The New York Times reports:
Prompted in part by recent articles in The New York Times on the use of drones to carry out targeted killings and the deployment of the Stuxnet computer worm against the Iranian nuclear program, the Republican and Democratic leaders of the House and Senate intelligence committees issued a joint statement on Wednesday urging the administration “to fully, fairly and impartially investigate” the recent disclosures and vowing new legislation to crack down on leaks.
“Each disclosure puts American lives at risk, makes it more difficult to recruit assets, strains the trust of our partners and threatens imminent and irreparable damage to our national security,” said the statement, a rare show of unity.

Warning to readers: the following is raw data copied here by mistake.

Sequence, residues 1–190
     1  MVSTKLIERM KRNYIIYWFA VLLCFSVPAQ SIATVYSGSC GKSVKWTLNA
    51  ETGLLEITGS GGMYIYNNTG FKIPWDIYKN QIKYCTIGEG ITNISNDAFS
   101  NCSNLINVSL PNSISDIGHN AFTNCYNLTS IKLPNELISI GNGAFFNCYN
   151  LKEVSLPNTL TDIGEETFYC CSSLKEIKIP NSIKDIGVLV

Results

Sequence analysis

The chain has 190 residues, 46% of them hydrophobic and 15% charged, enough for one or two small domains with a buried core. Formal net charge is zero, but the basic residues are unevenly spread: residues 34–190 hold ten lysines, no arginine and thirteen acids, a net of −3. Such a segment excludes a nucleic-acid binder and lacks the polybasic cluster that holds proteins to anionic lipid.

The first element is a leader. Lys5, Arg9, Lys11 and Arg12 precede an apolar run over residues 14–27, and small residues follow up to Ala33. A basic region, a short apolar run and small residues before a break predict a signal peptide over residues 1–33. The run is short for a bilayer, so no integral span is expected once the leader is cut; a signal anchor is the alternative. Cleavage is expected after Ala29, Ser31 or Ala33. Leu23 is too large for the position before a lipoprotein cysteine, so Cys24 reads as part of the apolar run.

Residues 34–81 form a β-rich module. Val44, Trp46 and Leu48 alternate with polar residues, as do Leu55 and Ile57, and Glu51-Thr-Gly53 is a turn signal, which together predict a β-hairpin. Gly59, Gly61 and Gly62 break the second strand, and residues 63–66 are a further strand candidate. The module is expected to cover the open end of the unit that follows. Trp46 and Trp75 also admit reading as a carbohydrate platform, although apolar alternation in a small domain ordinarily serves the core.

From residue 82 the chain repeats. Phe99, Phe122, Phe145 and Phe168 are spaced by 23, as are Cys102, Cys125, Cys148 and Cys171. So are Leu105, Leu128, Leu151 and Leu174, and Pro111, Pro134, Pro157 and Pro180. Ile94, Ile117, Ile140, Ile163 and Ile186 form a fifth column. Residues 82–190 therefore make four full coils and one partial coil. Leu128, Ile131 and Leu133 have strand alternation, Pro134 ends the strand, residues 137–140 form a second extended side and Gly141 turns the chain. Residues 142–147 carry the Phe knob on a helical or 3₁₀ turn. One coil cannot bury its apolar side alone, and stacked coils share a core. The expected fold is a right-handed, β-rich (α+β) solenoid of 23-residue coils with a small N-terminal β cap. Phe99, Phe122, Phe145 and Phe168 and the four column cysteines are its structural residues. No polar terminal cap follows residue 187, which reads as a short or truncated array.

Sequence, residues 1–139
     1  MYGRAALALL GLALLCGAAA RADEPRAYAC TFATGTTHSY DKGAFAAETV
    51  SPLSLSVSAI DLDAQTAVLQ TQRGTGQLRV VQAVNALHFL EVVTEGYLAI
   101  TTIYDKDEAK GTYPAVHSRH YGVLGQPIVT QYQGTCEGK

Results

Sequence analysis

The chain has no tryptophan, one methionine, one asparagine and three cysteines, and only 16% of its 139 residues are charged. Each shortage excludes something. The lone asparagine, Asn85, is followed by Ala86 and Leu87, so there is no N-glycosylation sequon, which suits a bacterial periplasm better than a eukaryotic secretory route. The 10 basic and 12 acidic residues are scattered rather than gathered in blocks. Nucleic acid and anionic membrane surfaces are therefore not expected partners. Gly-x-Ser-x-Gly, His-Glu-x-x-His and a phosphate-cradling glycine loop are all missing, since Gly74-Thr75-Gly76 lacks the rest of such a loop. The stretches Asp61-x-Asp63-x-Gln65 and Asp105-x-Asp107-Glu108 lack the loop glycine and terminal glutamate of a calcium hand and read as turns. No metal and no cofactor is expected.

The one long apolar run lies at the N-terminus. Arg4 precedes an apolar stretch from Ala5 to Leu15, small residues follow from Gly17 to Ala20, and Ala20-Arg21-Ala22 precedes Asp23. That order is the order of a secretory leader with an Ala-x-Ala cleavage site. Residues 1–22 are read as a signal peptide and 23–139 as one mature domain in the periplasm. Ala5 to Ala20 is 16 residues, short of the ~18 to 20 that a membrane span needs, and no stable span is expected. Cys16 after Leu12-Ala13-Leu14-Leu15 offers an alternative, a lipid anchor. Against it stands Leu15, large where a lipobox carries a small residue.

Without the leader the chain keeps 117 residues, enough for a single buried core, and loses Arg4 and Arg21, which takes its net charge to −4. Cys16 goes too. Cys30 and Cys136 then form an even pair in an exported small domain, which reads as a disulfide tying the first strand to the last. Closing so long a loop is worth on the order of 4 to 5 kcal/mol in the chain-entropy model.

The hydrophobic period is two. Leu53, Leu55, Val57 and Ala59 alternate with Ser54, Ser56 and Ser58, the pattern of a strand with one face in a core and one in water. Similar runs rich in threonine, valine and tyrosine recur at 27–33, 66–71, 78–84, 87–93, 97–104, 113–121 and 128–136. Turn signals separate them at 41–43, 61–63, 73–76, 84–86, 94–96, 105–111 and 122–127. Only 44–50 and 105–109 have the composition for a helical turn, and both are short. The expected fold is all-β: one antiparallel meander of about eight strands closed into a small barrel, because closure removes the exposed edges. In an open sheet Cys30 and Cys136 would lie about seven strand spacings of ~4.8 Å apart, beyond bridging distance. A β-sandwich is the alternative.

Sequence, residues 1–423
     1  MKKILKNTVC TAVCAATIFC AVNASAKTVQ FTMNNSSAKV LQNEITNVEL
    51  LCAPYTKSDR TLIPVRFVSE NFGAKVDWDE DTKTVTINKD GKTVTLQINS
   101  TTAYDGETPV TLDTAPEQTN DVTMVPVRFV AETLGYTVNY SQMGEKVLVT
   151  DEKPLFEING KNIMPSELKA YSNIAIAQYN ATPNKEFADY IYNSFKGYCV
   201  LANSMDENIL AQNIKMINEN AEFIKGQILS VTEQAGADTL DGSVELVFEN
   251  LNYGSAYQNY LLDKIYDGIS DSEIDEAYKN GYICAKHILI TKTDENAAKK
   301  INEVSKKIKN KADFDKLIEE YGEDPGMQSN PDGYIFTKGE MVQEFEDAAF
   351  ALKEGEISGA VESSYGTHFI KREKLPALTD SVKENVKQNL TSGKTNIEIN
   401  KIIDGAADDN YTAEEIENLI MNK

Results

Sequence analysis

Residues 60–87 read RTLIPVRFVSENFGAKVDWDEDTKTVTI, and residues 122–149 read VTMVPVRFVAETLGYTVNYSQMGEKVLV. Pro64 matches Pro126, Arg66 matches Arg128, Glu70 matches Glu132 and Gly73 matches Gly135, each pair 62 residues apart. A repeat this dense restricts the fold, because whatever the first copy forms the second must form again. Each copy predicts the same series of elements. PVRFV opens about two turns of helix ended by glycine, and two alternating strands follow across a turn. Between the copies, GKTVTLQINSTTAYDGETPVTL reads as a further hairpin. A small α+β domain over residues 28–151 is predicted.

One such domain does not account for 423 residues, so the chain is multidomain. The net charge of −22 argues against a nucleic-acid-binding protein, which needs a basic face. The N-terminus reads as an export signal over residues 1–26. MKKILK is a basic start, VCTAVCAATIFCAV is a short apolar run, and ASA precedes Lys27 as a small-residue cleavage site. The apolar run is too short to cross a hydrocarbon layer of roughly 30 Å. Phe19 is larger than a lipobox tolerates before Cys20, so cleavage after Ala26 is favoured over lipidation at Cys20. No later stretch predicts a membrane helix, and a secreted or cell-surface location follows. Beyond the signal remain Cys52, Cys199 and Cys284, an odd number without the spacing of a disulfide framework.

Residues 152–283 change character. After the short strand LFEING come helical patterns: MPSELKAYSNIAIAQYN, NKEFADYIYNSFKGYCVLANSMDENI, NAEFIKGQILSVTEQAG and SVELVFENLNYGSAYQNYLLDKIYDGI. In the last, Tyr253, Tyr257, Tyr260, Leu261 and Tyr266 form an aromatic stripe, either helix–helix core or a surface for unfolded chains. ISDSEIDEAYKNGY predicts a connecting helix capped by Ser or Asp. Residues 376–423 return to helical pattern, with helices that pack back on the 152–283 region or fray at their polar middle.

So U.S. drone attacks that kill civilians and dangerous and unprecedented use of cyberwarfare is not a problem. No, the only problem is that these truths about U.S. foreign policy are known to the public.
It is not U.S. actions overseas, including the killing of civilians, but the public knowledge of them that puts Americans at risk.
It is not U.S. actions, including the murdering of foreign nationals, but the knowledge of them that strain relations with other countries.
It is not U.S. actions, including fueling anti-American sentiment and increasing the threat of terrorism by bombing innocents, but the knowledge of them that damages U.S. national security.
The Times is wrong. That Republicans and Democrats show unity, operating within this framework, is not “rare” at all. What would be rare would be for there to be a lack of continuity between Republican and Democratic administrations, as opposed to the consistency of U.S. foreign policy we witness.